The other week we talked a lot about the play, and the political and social context of the time in which it was written, which is always important to consider when staging a production.  After all, theatre is a mirror of society, or some fancy-pants junk like that.  In this case, it really really is.  

Okay, so we know the where, the when, and the why of the play, now what does it look like?!

Now, my friends, comes my very favourite part of designing a show, the visual research!  I'm lucky enough to work at a theatre company with extensive resources, and managed to find Eaton's and Sears catalogs for Spring/Summer from 1957-1963, to get an idea of the evolution of style (most notable in women, particularly their hair! Biiiig changes took place then!) in the years leading up to and including the year the show is being set in (and was first performed). 

Now, these images really speak for themselves, so let's let them.  Enjoy some of the images I used to inspire and inform my design!

Tuesday, 4 June 2013

Designing a Debaucherous Duo: Harold Pinter's The Lover (Part 1)

Sex, sex, sex, and the Milkman.  Such is the daily normal life for British married couple Richard and Sarah.  But let's be clear: the sex isn't being had between the two of them.  Well, not exactly, anyhow.  
As we are introduced to the central figures in Harold Pinter's The Lover  they speak very frankly about their extra-marital sex lives.  Housewife Sarah has a lover who comes by many afternoons a week, and businessman Richard has a "lady of the night" he frequents on his way home.  The audience is shocked and amused and a little uncomfortable about how open the couple is about their regular infidelity.  But hey, different strokes, right?  When the milkman arrives mid-morning to deliver some cream (cue heavy bass and synthesizer... bow chica bow-wow) we're relieved with a bit of humour.  I mean, it's so cliche for it to be the milkman!! But he really has only come to deliver some cream, and Sarah doesn't want any - she's waiting for her lover, and he doesn't work for a Dairy.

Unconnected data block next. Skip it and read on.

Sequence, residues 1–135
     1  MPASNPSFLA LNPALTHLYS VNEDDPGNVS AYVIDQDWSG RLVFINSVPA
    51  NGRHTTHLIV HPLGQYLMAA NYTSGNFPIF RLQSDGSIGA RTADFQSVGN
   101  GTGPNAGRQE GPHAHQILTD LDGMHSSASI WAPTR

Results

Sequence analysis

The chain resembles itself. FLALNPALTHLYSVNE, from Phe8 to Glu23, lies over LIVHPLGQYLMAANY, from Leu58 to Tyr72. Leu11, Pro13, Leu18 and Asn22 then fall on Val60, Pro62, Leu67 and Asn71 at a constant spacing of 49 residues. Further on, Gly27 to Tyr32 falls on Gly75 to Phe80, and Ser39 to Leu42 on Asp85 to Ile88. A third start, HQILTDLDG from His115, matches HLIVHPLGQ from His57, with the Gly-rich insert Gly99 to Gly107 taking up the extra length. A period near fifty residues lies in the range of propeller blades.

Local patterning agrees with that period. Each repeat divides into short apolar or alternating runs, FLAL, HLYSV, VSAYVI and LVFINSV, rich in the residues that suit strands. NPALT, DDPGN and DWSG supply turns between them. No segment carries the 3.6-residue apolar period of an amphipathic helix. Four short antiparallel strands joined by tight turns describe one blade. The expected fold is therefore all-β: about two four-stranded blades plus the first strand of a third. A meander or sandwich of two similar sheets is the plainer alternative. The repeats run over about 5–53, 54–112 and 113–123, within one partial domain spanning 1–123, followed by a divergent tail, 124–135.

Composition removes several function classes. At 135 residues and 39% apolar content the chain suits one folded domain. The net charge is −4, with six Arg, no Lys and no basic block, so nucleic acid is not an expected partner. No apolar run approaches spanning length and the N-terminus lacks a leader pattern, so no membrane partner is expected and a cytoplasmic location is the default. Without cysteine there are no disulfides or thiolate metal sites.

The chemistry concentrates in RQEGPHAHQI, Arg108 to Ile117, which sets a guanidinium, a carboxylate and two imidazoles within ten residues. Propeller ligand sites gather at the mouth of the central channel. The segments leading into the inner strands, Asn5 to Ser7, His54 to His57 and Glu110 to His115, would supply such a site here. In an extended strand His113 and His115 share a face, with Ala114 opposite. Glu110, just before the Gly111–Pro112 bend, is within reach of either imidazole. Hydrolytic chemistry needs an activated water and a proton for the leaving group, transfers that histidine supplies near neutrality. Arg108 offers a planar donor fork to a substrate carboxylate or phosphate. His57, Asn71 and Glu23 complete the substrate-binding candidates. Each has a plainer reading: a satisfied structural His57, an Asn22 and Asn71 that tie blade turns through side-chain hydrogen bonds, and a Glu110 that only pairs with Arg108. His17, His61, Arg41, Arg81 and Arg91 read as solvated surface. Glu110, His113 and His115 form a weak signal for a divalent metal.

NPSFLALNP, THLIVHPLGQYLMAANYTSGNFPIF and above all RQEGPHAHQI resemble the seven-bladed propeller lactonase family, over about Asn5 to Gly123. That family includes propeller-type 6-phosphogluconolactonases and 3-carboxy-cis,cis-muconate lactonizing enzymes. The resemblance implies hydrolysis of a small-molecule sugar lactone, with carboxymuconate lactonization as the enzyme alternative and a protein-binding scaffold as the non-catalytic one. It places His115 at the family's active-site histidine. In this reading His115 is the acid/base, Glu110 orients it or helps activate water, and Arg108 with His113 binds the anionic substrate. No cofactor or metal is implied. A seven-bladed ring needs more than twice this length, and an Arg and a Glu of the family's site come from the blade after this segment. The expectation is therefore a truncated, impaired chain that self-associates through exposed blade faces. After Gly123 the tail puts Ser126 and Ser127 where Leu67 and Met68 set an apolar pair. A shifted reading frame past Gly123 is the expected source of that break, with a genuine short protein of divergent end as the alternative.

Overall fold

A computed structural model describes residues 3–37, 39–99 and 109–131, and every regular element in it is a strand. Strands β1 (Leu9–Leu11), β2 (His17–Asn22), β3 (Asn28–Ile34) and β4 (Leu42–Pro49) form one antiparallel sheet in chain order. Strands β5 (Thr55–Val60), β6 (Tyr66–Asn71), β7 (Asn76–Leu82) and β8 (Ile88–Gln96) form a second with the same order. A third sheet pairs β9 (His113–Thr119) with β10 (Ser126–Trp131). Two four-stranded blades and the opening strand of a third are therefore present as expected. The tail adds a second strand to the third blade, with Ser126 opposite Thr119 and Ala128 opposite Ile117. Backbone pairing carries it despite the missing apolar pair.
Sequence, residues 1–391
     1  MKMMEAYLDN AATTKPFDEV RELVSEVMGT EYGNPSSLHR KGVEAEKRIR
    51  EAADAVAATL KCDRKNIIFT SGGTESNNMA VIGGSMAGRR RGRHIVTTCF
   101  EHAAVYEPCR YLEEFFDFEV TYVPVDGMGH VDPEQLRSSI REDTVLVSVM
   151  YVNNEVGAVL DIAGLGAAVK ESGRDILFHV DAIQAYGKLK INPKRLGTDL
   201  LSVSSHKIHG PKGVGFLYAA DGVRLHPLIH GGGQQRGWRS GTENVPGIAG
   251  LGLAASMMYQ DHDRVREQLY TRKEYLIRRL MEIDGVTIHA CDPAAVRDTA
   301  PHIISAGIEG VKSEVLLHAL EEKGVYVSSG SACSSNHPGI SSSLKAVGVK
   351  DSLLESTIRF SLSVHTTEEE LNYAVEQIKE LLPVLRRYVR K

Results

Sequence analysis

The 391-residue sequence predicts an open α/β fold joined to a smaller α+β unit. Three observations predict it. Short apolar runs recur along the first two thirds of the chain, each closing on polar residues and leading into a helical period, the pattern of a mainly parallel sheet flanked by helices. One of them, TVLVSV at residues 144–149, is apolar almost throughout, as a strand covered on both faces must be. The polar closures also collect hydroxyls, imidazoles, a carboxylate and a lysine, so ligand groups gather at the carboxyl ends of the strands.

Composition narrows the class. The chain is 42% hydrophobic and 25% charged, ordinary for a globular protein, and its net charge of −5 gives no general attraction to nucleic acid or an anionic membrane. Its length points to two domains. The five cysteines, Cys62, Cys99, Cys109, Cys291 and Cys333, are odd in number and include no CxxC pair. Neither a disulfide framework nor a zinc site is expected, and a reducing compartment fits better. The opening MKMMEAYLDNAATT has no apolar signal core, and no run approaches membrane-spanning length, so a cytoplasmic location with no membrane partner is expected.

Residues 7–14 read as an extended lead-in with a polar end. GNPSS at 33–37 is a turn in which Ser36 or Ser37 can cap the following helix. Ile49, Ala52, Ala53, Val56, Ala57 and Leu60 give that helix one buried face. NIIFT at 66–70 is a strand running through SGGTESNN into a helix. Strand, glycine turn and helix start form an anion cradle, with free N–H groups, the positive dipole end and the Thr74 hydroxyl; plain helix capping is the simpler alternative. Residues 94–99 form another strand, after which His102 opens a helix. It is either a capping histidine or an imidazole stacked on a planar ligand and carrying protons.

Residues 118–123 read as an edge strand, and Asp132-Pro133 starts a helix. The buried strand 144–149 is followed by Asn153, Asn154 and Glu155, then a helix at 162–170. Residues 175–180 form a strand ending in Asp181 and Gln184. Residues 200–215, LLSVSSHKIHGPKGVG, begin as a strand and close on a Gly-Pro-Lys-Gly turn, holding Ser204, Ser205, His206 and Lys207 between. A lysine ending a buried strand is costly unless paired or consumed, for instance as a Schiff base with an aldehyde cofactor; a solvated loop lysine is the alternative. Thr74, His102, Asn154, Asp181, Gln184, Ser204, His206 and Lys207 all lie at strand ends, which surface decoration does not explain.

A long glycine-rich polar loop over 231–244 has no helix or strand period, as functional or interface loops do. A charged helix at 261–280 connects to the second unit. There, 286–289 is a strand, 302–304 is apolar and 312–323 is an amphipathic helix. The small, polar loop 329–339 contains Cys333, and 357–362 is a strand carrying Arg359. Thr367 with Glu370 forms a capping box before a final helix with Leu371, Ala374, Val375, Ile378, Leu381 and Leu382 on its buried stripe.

Sarah's lover is her husband, roleplaying in costume as the man "Max", and Richard's whore is Sarah dressed up and playing for him.  So how do you show a couple who play at infidelity without any infidelity at all? A couple who have begun to waver in their enjoyment of the other's fantasies, wishing the other didn't need them, but still wholly excited by their own?  A couple who don't have sex as man and wife, but as strangers and customers?

Originally created for television, Harold Pinter's The Lover was written in 1963, the same year that the production by 3 Peasants Productions (for which I am designing costumes) is being set.  We just had our first design meeting this past weekend, and I have dived into my process head first since then.  As my final designs are due in 1.5 weeks (I may have set myself a very tight deadline, eep! But sourcing costumes for a period show on a budget is going to take time, and the earlier I get approval from my Director, the sooner I can begin scouring thrift stores), I am well into the research stage of the design process.  I thought it would be fun to show you guys a peek into how I design a show at several stages in the process, from concept to creation.  So, let's see where it all begins!